Safe flywheel rpm

I know there are other threads out there about this, but I couldn’t find a clear answer(Chances are I was just being dumb). For 60A fairlane wheels, what is their max safe rpm, and does safety wire increase this or does it act as a safety feature in the event the wheels delaminate? Are there any wheels that have a higher safe rpm? What is the highest rpm you are comfortable running your shooter at, and why?

You might be interested in some of these threads:


Not specific to 60A fairlanes, but general flywheel safety and safety wire.

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Thank you. From what I’ve seen, it is not safe to run a fairlane wheel at more than ±9500 rpm. Our team wants to safely run a flywheel at 20000 rpm. Is there any safe way to do this?

This sounds way above what a shooter would need to go (most hit 3-10k accounting for PID), and would be wildly unsafe to do on the field.

Is there a reason you want to go that high? Chances are a better solution can be found that doesnt risk blowing out the whole shooter.

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We want to be able to shoot from across the field somewhat accurately.

Have you run a trajectory analysis that says you need that flywheel speed? We ran some fairly simple trajectory analyses early on to set our shooter speed ratio and those calculations turned out to be fairly close. Although we were not looking at shooting from across the field, we were looking at some fairly long shooting capabilities and the fleywheel speeds we needed were not nearly as high as what you are proposing.

Also, keep in mind that if you are shooting from the loading station initiation line, you will need a high looping shot to get over the shield generator structure.

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The speed of your shooter wheel does not have a large effect on your accuracy. The only way RPM increases accuracy is in the increase of KE that comes with an increase in RPM, however there is a threshold at which your shooter does not need more KE, and plenty of teams have high KE shooters with much lower RPMs. If you really want to increase accuracy a bigger diameter wheel can help, but realistically you do not need to go over 10000RPM on your shooter. Our shooter is at about 5000 RPM and we can shoot a ball from our feeder station over the opposing driver station so shooter design has a much greater effect on power than RPM.

Thank you. We weren’t planning on shooting directly from there, we were going to use the line of sight a couple of feet to the side. With the testing we did, we had our flywheel spinning at around 5000 rpm and we had difficulty shooting from a couple meters from the goal, though that is probably just because of a badly designed shooter. What would be the maximum rpm you would feel comfortable shooting with?

Alright, thank you!

What angle was the shooter at? at that distance, 5k is a bit overkill for most applications with a normal release angle.

This was just during testing for our shooter, I don’t remember the angle but I’m guessing that the issue was with how little compression we had.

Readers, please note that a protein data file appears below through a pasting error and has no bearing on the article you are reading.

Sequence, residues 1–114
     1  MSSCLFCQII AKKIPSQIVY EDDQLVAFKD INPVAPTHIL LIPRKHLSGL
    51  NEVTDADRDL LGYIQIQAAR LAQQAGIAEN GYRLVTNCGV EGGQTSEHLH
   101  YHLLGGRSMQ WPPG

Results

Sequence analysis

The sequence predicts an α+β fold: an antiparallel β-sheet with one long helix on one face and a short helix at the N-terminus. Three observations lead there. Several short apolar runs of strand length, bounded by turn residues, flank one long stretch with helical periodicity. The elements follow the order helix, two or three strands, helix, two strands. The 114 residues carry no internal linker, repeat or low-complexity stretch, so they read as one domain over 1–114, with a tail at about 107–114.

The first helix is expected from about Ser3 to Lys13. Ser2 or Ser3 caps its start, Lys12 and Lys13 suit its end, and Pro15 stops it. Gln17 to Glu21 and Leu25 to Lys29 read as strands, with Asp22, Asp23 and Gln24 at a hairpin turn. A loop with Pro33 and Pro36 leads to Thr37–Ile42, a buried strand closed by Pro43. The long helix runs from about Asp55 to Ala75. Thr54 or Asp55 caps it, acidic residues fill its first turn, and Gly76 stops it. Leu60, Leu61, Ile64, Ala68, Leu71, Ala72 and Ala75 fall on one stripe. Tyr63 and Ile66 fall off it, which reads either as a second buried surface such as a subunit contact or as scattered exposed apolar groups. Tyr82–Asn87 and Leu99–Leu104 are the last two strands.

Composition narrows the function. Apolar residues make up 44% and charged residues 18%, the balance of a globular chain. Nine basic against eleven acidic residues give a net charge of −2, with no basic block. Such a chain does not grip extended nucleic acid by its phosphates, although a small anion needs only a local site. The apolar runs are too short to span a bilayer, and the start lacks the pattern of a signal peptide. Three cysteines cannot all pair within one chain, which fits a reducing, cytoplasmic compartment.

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Shooting that far with such a small flywheel and various wear conditions on power cells isn’t going to work, regardless of how fast you spin it. If you want a long range shooter, you need to focus not on how fast you spin, but rather on how to eliminate the variance created by wear and tear on power cells.

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I asked in the thread about flywheel safety and one of the mentors from citrus responded by saying somewhere around 5-6k. Don’t quote me on that. Look through the thread. It has a lot of useful information.

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Alright, thank you. Do you know if there are any other flywheel materials that could handle maybe 8000-9000 rpm, or where I could find information on something like that?

Our robot never went past 7000 rpm, and at 7000 rpm we hit a shot (in our space) from across the field.

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Ok, if you would be comfortable with sharing how much compression did you have on balls going through your shooter?

I’m not an expert but if you really want a super high RPM wheel for your shooter, your best bet is to turn one using aluminum tubing or a solid chunk of aluminum. And then adding some sort of grip spray to the aluminum. You’d have to experiment with different types of grippyness and what not

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Our compression was 1.5" according to our mech lead.

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Alright thank you! We will look into having a less obnoxiously dangerous design for our shooter.

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We are running a flywheel on 4 inch hiGrip wheels, running at ~10k rpm on the high end (36:18 belt off NEOs). We have had no problems so far shooting from behind the control panel in the little testing time we had. From our tests compression on the ball has a much larger effect on how accurate our shots were. For our tests after week 1 we only even ran the flywheel up to 6k for close shots from inside the trench.

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